Rotorcraft Design for High-Altitude Rescues (Questions Surrounding Mission…
Rotorcraft Design for High-Altitude Rescues
Examples of Rescue Rotorcraft
SA315B LAMA (Highest Ever Altitude Record)
Aerospatiale AS 332 Super Puma
Examples of High Range, High Service ceiling rotorcraft
Lockheed - AH-56A_Cheyenne
Questions Surrounding Mission Profile and Design
Do we need to land the rovercraft at all?
How high can we get the rovercraft?
Is the design "Creative" and "Innovative"?
Can the landing gear move around the aircraft to match landing surface?
What are the most pressing issues around rescue at high altitudes?
Does it meet technical requirements?
Easy to maintain?
Reliable and feasible?
Easy to manufacture?
Is it easy to operate?
What else can it be used for?
Is it affordable/comparable to other crafts of its type?
How do we increase Service ceiling?
Can the rovercraft operate in night-time conditions along with icing?
What about powered flight on the way up and then autorotation on the way down?
Challenges of Flying in Mountainous Terrain
Severely Reduced Cruising speed at higher altitudes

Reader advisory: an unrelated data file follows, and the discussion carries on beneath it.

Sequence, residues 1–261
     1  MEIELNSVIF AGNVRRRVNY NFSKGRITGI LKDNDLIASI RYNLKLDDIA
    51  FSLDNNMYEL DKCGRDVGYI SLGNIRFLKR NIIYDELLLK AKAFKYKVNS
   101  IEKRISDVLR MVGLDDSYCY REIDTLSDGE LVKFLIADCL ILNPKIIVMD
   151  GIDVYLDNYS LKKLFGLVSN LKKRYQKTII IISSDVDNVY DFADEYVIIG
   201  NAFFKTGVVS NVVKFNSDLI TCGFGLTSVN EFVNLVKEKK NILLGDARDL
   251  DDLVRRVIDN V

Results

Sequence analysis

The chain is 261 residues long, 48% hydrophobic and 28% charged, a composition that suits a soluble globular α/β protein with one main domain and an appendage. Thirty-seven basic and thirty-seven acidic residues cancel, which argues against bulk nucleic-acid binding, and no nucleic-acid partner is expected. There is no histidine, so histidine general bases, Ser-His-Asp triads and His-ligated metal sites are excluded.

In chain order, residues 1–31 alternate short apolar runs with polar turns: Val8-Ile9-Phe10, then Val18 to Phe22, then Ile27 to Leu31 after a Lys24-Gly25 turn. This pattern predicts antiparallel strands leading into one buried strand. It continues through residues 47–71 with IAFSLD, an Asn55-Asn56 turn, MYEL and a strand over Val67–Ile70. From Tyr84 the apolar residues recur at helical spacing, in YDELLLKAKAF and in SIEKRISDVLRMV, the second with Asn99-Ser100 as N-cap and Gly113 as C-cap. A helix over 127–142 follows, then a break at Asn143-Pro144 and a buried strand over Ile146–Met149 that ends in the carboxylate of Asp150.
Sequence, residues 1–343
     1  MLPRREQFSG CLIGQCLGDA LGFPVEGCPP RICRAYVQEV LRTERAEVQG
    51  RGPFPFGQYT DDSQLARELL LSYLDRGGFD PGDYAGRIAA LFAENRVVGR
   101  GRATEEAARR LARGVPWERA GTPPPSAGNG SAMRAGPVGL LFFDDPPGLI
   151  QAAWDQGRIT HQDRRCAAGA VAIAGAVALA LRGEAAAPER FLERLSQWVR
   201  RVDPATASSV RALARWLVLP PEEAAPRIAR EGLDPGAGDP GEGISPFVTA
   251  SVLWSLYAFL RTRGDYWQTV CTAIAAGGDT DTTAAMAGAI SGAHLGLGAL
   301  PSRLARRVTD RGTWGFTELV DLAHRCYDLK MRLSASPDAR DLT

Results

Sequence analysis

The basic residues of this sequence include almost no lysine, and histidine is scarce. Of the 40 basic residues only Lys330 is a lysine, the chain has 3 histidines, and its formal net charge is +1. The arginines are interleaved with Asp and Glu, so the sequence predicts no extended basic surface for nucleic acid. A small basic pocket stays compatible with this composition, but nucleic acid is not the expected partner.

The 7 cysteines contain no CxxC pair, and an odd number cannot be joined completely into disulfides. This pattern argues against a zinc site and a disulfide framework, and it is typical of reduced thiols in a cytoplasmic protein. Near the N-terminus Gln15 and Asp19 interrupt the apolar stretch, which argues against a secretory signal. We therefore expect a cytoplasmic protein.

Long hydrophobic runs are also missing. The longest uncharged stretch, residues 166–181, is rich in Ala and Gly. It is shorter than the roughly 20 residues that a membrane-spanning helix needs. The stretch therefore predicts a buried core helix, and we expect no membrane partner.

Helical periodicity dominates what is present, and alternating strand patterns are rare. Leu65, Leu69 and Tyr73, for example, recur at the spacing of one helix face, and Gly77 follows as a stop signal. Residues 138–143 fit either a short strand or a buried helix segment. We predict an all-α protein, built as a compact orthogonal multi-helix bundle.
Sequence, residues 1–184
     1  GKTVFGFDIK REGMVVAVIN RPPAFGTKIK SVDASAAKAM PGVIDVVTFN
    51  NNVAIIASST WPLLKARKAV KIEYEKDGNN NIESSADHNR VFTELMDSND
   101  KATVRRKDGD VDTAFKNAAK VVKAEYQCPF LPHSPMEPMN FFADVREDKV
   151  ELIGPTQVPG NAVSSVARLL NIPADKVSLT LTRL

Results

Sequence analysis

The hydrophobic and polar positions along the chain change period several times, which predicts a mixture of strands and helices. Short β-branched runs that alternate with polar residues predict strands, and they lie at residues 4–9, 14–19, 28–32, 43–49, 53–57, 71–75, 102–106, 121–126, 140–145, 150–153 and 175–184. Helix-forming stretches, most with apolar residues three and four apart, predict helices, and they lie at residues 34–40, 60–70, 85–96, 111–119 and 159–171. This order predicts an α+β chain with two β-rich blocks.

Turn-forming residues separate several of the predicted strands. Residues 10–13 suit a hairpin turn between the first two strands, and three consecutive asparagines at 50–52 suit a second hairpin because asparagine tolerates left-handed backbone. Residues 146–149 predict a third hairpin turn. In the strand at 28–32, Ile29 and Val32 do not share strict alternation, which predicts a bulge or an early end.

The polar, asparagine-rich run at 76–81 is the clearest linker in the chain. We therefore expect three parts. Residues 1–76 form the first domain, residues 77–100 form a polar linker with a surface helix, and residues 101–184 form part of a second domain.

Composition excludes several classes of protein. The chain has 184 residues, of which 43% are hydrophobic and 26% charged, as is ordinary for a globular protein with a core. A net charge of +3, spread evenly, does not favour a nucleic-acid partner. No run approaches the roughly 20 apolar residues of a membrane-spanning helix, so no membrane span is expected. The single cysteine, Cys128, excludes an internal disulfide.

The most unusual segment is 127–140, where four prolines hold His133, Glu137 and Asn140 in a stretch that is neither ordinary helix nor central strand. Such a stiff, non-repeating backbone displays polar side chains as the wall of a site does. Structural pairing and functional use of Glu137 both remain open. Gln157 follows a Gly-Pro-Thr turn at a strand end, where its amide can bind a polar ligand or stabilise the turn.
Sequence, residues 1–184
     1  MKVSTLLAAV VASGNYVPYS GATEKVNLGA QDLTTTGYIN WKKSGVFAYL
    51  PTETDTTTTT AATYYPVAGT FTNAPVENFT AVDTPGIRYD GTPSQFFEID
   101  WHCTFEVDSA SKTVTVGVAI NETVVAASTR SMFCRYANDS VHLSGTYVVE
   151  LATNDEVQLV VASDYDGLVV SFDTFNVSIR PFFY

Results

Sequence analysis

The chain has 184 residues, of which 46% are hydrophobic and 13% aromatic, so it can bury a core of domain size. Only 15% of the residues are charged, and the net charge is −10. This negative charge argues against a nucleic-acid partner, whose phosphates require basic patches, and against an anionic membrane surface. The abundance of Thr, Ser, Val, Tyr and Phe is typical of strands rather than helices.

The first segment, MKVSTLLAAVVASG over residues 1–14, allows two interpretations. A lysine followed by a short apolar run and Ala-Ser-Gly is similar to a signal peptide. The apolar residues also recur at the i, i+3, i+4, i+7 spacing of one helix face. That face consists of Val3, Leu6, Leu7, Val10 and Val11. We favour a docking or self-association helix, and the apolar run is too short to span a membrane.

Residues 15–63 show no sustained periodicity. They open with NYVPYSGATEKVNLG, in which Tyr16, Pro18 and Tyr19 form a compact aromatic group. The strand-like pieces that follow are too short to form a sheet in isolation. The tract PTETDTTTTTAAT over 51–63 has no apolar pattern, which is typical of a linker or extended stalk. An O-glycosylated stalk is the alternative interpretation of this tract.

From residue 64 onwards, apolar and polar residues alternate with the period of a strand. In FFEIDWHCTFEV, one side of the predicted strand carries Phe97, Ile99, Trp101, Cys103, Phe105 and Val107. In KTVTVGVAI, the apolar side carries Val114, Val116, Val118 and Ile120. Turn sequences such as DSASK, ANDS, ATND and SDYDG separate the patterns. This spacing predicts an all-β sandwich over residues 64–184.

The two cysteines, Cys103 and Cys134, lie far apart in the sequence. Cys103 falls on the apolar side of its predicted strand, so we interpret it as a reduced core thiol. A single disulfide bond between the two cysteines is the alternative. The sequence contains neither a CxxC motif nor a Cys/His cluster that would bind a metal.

Due to RBS and VNE
Eg: Bell 206B at gross weight with a Vne of 140 mph at 3,000 feet will be limited to 84 mph at 10,000 feet.
An Autorotation at this altitude would be deadly, due to lack of landing zones
High Density Altitude
Lack of safe landing sites, if any.
As oxygen’s partial pressure is reduced with height, human efficiency drops rapidly.
The rotor blades are less effective in the less dense air, the overall lifting efficiency of the helicopter is further degraded
If we are working in hot and high conditions, this is the worst as the heat increases density altitude. Increasing ambient temperatures makes air even thinner due to lower ambient pressures.
HOGE and HIGE
Gusty winds or unplanned C of G changes with passenger movement while loading or unloading
Updrafts provide additional lift – often exceeding the power loss we suffer with altitude.
Conversely, downdrafts of 1,000-2,000 fpm will exceed best climb rates and the turbulence within can easily cause your bone dome and cockpit ceiling to merge
A further difficulty when flying in mountains is determining the horizon’s location - Causes disorientation and leads pilots to fly low when approaching ridges
Things to Remember
THIS IS A DESIGN COMPETITION! THINK OUTSIDE THE BOX!
Past Winners have extremely innovative and creative ideas that stray from the norm
We got a team of 4 hard-working great individuals! We can do this!
It's just 100 pages + 20 pages for altairs design task ! Eazy Peazy!
Step 1: Familiarise ourself with mathematics and design steps of a conventional rovercraft
Step 2: Come up with a possible design of our own
Step 3: Carry out calculations and check with RFP if technical specifications are met.
Step 4: Make adjustments, incorporate adjustments and re-iterate through calculations
Step 5: Check if specifications are met and repeat step 4 if conditions are not met